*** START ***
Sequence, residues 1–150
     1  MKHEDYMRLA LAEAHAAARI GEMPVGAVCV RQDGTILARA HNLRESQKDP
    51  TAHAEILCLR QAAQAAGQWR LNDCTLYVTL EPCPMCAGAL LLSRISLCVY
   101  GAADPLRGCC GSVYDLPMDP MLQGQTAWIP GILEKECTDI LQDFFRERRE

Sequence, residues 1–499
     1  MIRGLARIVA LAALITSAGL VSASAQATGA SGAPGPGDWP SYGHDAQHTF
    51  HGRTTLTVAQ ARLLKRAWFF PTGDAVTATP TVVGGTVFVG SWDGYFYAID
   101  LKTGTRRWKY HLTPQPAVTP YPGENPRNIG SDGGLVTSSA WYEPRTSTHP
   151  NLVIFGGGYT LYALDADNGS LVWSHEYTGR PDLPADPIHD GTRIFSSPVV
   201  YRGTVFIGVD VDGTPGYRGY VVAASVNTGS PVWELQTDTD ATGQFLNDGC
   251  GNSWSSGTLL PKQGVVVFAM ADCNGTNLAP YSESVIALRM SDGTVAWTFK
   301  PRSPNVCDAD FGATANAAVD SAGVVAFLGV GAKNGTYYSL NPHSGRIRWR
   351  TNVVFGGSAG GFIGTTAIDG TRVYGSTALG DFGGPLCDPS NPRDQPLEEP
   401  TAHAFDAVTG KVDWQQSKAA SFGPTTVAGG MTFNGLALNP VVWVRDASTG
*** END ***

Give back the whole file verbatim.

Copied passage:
Sequence, residues 1–150
     1  MKHEDYMRLA LAEAHAAARI GEMPVGAVCV RQDGTILARA HNLRESQKDP
    51  TAHAEILCLR QAAQAAGQWR LNDCTLYVTL EPCPMCAGAL LLSRISLCVY
   101  GAADPLRGCC GSVYDLPMDP MLQGQTAWIP GILEKECTDI LQDFFRERRE

Sequence, residues 1–499
     1  MIRGLARIVA LAALITSAGL VSASAQATGA SGAPGPGDWP SYGHDAQHTF
    51  HGRTTLTVAQ ARLLKRAWFF PTGDAVTATP TVVGGTVFVG SWDGYFYAID
   101  LKTGTRRWKY HLTPQPAVTP YPGENPRNIG SDGGLVTSSA WYEPRTSTHP
   151  NLVIFGGGYT LYALDADNGS LVWSHEYTGR PDLPADPIHD GTRIFSSPVV
   201  YRGTVFIGVD VDGTPGYRGY VVAASVNTGS PVWELQTDTD ATGQFLNDGC
   251  GNSWSSGTLL PKQGVVVFAM ADCNGTNLAP YSESVIALRM SDGTVAWTFK
   301  PRSPNVCDAD FGATANAAVD SAGVVAFLGV GAKNGTYYSL NPHSGRIRWR
   351  TNVVFGGSAG GFIGTTAIDG TRVYGSTALG DFGGPLCDPS NPRDQPLEEP
   401  TAHAFDAVTG KVDWQQSKAA SFGPTTVAGG MTFNGLALNP VVWVRDASTG